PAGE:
Washington Monument (Baltimore)


Washington Monument (Baltimore)

The Washington Monument in the Mount Vernon neighborhood of Baltimore, Maryland was the first architectural monument planned to honor George Washington. [cite web | last = | first = | year = | url =http://www.examiner.com/a-865676~Monuments__Washington_s_perch_in_Baltimore_s_sky.html | title =Monuments: Washington’s perch in Baltimore’s sky | format = | work = | publisher = The Baltimore Examiner| accessdate =2007-08-08 ]

History

In 1815 a statue designed by Robert Mills who also designed the Washington Monument in Washington, D.C., construction began in 1815 and was completed by 1829. The 178 foot doric column holds a ground-floor museum offering information about Washington as well as construction of the monument. Climbing the 228 steps to the top provides an excellent view of the city from the historic neighborhood where it is located.

The glorification of Washington began long before his death in December 1799, and the dedication of a memorial in his honor seemed certain. A monument honoring Washington in Baltimore was first proposed in 1809, and a committee was formed to commission and fund the monument. In 1811, the first of six lotteries, authorized by the Maryland General Assembly, was held, eventually raising enough funds to construct a Washington monument in Baltimore. Mills's design was chosen in an architectural competition in 1815, and the cornerstone laid on July 4 of that year. [Dorsey, John & Dilts, James D., "Guide to Baltimore Architecture" (1997) p. 116. Tidewater Publishers, Centreville, Maryland ISBN 0-87033-477-8]

Early designs included rich ornamentation, six iron galleries dividing the hollow shaft into seven sections, and a quadriga surmounting the column. The design of the completed column is very similar to the Colonne Vendome, which ultimately derived from Trajan's Column and was adopted in this time of Neoclassicism in American architecture.

The monument, which was constructed of white marble from Cockeysville, [Dorsey, John & Dilts, James D., "Guide to Baltimore Architecture" (1997) p. 116. Tidewater Publishers, Centreville, Maryland ISBN 0-87033-477-8] rises 178 feet and consists of three main elements: a low, rectangular base containing a museum; a plain, unfluted column; and, atop the column, a standing figure of Washington. By the time of the monument's completion in 1829, financial constraints had forced a series of design compromises which simplified the monument.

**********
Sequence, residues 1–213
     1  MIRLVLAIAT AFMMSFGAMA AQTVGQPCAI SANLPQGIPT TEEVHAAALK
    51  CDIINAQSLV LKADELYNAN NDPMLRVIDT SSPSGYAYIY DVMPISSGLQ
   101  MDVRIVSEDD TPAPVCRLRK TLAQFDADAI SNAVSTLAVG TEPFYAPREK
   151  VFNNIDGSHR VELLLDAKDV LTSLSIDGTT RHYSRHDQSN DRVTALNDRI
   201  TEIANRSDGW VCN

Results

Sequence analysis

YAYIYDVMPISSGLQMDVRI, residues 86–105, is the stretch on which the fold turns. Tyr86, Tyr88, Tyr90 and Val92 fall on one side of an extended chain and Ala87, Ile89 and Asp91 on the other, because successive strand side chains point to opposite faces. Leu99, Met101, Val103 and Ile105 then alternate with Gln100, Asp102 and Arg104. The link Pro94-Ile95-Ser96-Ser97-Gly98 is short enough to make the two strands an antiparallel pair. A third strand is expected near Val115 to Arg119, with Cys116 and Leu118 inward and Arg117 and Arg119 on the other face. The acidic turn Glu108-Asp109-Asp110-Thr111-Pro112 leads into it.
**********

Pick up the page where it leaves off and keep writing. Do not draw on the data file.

William Rusk, in his book "Art in Baltimore: Monuments and Memorials", tells the following story about the raising of Italian sculptor Enrico Causici's marble statue of Washington in 1829. "Tradition recalls a prodigy occurring when the statue was raised to the summit of the monument - a shooting star dashed across the sky and an eagle lit on the head of the settling general."

Before the monument could be completed, the monument which now resides in Washington Monument State Park was constructed in 1827.

The iron fence around the base was designed by Mills and added in 1838. It contains some of the symbolism that had been deleted from the column due to cost considerations. [Dorsey, John & Dilts, James D., "Guide to Baltimore Architecture’"(1997) p. 117. Tidewater Publishers, Centreville, Maryland ISBN 0-87033-477-8]

Lead paint in the interior of the monument was removed in 1985-92.

Cultural References

The monument is referenced by Herman Melville (as Ishmael) in Chapter XXXV (The Mast-Head) of Moby-Dick, "Great Washington, too, stands high aloft on his towering main-mast in Baltimore, and like one of Hercules' pillars, his column marks that point of human grandeur beyond which few mortals will go."

*In the show Ace of Cakes the star Duff does the ceremonial lighting of the Monument. He was quoted in saying that Baltimore's monument was first, better, cooler, and lights up.

*In 2007, "Rad II: The Matthew Modine Challenge" [http://www.butterteam.com/2007/09/rad-ii-matthew-modine-challenge.html] was filmed on and around the monument grounds. The trailer for the 2008 release features a training montage centered around reaching the top of the monument.

References

ee also

*Washington Monument State Park
*List of monuments dedicated to George Washington
*List of statues

External links

* [http://www.wam.umd.edu/~jlehnert/welcome.html Mount Vernon Place history]
* [http://www.mdhs.org/library/Z24BaltMon.html Maryland Historical Society pictures of Baltimore monuments]


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